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Why Fluff is Good in Marketing

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If I had a pound for every time someone said to me that they don’t like fluff in marketing, then I’d probably be shooting off on holiday right now. People seem to view the softer side of marketing as some sort of weakness. But what they don’t understand is that without the fluff, you’re just an empty shell.

Let’s start off by defining what I mean by “fluff”. This is the emotional side of marketing. This is where you start to show personality and inject more feeling into how you present yourself.

The alternative is that you study data and your approach is far more technical or scientific. You follow a formulaic approach and you just get the job done.

Have I ever known anyone find real success without emotion in their marketing? No. And I don’t think it’s likely you’ll see success unless you treat people like people.

Why Fluff?

I always find it really surprising how marketing is so often viewed as a whole different way of talking to people. I’ve come to realise that many people can’t see past the computer and they can’t imagine that they’re talking to actual human beings on the other side.

Some people even go as far as to define their ‘ideal customer’ with great precision, yet when they send out an email or a social media post, it’s all done in their voice and done in the way they want to talk – and not that of the ideal customer’s.

Modern day trained marketers no longer write out a list of USPs. We no longer make a list of pain points and then somehow try to make sure each one is ticked off on our website.

What we do instead is find a way to make the business different and appealing.

If you were face to face with someone, trying to convince them to do something, you’d tailor your words accordingly. You might choose to soften the person up first with a compliment. You’d find a way to ensure them that doing this something is in their best interests. You’d make sure that whatever you were saying had appeal.

Because ultimately who you are and how you want to speak is irrelevant. If you want to convince someone to do something, it has to be all about them. And that’s marketing.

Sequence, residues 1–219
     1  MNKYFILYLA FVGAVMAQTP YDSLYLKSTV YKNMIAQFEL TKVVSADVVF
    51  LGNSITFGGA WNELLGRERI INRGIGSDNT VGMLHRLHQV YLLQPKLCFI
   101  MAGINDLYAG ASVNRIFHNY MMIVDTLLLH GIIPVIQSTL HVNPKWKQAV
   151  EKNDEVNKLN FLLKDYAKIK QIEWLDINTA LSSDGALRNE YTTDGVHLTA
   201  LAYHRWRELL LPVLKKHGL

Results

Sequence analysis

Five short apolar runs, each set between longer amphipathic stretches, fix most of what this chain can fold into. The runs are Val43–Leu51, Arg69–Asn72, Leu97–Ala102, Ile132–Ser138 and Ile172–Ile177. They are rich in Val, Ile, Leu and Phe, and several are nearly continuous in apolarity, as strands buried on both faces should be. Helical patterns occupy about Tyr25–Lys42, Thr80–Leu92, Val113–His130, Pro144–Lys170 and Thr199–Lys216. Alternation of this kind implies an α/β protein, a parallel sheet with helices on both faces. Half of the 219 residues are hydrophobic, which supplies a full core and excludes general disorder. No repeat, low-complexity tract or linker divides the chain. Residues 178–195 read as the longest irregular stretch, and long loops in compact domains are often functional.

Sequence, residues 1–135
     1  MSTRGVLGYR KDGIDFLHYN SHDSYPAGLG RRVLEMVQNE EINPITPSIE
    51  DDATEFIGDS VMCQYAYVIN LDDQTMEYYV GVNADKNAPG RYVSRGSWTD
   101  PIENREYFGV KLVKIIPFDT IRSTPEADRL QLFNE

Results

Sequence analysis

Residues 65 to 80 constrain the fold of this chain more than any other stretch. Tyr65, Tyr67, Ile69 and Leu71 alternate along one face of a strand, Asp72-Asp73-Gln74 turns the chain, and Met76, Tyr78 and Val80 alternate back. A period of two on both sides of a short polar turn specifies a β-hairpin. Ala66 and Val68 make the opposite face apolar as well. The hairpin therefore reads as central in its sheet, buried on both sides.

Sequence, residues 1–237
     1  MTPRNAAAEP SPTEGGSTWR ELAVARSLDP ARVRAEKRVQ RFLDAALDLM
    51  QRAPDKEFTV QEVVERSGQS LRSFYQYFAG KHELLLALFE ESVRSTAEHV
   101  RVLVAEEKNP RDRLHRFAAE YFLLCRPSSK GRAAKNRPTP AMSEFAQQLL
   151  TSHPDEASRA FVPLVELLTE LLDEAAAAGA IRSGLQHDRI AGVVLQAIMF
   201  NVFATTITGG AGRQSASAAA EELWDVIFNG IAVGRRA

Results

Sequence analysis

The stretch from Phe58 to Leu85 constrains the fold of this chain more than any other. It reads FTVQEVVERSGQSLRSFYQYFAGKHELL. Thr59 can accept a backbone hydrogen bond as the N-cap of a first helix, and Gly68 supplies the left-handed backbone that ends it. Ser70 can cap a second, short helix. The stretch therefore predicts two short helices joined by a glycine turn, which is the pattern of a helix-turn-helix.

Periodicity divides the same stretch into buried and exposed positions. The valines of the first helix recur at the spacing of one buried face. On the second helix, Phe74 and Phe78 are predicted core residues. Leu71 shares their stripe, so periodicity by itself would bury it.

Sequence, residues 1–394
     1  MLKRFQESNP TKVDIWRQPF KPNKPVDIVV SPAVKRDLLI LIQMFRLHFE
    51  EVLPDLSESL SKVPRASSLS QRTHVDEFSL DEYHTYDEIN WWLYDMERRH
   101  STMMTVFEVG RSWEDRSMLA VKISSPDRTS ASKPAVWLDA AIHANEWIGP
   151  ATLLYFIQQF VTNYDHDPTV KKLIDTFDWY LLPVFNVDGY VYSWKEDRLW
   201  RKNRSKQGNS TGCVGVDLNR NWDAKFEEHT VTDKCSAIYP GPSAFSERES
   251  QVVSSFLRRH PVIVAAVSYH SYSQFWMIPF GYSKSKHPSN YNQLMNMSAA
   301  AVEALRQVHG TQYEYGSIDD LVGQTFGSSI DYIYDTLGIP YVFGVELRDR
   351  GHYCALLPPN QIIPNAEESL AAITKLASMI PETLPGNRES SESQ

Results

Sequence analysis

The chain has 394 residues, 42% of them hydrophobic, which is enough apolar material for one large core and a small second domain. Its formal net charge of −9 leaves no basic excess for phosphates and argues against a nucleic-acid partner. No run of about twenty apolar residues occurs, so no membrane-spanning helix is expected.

Real Life

Imagine you’re in a room with someone and you need to convince them to buy your new state of the art vacuum cleaner. Which approach do you think is going to get a better response?

Approach 1

Our company was established in 1985.

The vacuum cleaner is already used by 40% of households.

The latest version, launched in 2023, takes vacuuming to a new level.

99.9% of dust particles are sucked up within seconds.

Approach 2

Make vacuuming fun. Yes, it will leave your floors cleaner than ever. Yes, it will remove all that pesky pet hair. Yes, it will leave a beautiful scent behind. But that’s not why our customers are flocking to buy our new vacuum cleaner. It’s because of how much fun it is. Zoom across the room with the dazzling lights, and challenge yourself to find a corner it won’t fit into.

We make mundane chores something to look forward to. Try it in store to see for yourself.

You might think this is an exaggerated example. But I see website after website share empty statistics. And who knows for sure if they’re even true? And then, more importantly, who cares? It’s great that 40% of other people use it and it’s wonderful that it does the job it’s meant to do. But there’s nothing wrong with my current vacuum cleaner, so why should I even listen?

Human Approach

Humans are driven by emotion. We simply can’t make a decision without emotion being involved somewhere. It’s how we operate. So if you recoil from the idea of having fluff in your marketing, then you’re hindering your chances of being able to connect with people in the best way that humans connect.

If your leads aren’t coming in as you’d want them to, if no one is visiting your website, and if people aren’t really engaging with you on social media, then I challenge you to make a change in your approach. Stop trying to find new things to say across new platforms, and instead inject some heart into what you’re already doing.

You can still stand for something. You can still have a voice. But stop and think how you’d talk to your audience in real life, and start to adopt that into your marketing.

Throw the formalities and the boring stats out of the window, and tell your clients something that you think they’ll really care about.

Don’t believe it will work? Why not try it and see? If you’re not getting the leads in, what have you got to lose?

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